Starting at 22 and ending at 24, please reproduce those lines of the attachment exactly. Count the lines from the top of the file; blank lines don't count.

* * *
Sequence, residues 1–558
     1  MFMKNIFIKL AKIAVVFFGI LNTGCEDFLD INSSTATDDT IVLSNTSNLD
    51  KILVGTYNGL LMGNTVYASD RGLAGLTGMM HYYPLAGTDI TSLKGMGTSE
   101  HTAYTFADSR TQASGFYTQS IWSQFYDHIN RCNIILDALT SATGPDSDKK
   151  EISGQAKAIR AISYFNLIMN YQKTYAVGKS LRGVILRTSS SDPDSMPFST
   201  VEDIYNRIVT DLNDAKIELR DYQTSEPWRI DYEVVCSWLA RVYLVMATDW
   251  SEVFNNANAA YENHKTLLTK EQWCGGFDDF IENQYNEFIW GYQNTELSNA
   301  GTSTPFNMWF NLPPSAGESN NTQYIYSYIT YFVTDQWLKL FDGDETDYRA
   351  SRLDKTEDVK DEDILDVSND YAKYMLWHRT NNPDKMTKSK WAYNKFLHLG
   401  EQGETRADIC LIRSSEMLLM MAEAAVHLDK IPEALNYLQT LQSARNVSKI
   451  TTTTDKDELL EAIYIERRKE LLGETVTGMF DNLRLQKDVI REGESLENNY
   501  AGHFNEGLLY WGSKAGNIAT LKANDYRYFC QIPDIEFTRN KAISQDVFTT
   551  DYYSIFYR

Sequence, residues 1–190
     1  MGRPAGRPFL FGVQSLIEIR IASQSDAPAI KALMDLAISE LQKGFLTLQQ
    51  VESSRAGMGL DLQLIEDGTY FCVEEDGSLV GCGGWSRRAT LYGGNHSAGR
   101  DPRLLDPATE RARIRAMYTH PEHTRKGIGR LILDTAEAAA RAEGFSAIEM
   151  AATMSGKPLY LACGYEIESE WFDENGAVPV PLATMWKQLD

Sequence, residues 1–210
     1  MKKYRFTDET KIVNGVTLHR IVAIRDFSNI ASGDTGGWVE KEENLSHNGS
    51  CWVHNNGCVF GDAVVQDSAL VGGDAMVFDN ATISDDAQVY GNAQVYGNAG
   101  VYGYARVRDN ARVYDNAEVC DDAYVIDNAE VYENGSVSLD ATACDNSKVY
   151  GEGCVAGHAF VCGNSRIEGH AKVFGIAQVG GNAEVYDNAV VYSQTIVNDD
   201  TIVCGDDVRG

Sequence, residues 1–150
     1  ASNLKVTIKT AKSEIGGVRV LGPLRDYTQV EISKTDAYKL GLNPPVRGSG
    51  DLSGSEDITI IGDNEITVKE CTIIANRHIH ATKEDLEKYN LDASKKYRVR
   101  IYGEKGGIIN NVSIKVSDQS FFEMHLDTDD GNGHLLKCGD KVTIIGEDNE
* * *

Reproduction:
   101  VYGYARVRDN ARVYDNAEVC DDAYVIDNAE VYENGSVSLD ATACDNSKVY
   151  GEGCVAGHAF VCGNSRIEGH AKVFGIAQVG GNAEVYDNAV VYSQTIVNDD
   201  TIVCGDDVRG